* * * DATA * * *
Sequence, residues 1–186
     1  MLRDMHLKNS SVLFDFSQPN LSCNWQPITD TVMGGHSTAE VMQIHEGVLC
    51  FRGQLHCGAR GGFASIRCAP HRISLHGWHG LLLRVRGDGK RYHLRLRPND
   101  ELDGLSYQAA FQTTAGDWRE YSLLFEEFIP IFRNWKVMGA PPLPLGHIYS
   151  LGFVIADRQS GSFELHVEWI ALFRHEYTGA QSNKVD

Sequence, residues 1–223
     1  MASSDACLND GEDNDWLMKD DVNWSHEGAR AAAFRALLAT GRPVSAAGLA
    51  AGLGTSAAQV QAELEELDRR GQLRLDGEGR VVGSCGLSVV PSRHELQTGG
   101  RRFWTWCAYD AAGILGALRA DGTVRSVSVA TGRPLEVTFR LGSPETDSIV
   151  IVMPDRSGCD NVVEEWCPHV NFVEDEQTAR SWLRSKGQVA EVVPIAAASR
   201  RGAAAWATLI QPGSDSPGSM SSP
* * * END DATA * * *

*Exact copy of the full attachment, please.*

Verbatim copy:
Sequence, residues 1–186
     1  MLRDMHLKNS SVLFDFSQPN LSCNWQPITD TVMGGHSTAE VMQIHEGVLC
    51  FRGQLHCGAR GGFASIRCAP HRISLHGWHG LLLRVRGDGK RYHLRLRPND
   101  ELDGLSYQAA FQTTAGDWRE YSLLFEEFIP IFRNWKVMGA PPLPLGHIYS
   151  LGFVIADRQS GSFELHVEWI ALFRHEYTGA QSNKVD

Sequence, residues 1–223
     1  MASSDACLND GEDNDWLMKD DVNWSHEGAR AAAFRALLAT GRPVSAAGLA
    51  AGLGTSAAQV QAELEELDRR GQLRLDGEGR VVGSCGLSVV PSRHELQTGG
   101  RRFWTWCAYD AAGILGALRA DGTVRSVSVA TGRPLEVTFR LGSPETDSIV
   151  IVMPDRSGCD NVVEEWCPHV NFVEDEQTAR SWLRSKGQVA EVVPIAAASR
   201  RGAAAWATLI QPGSDSPGSM SSP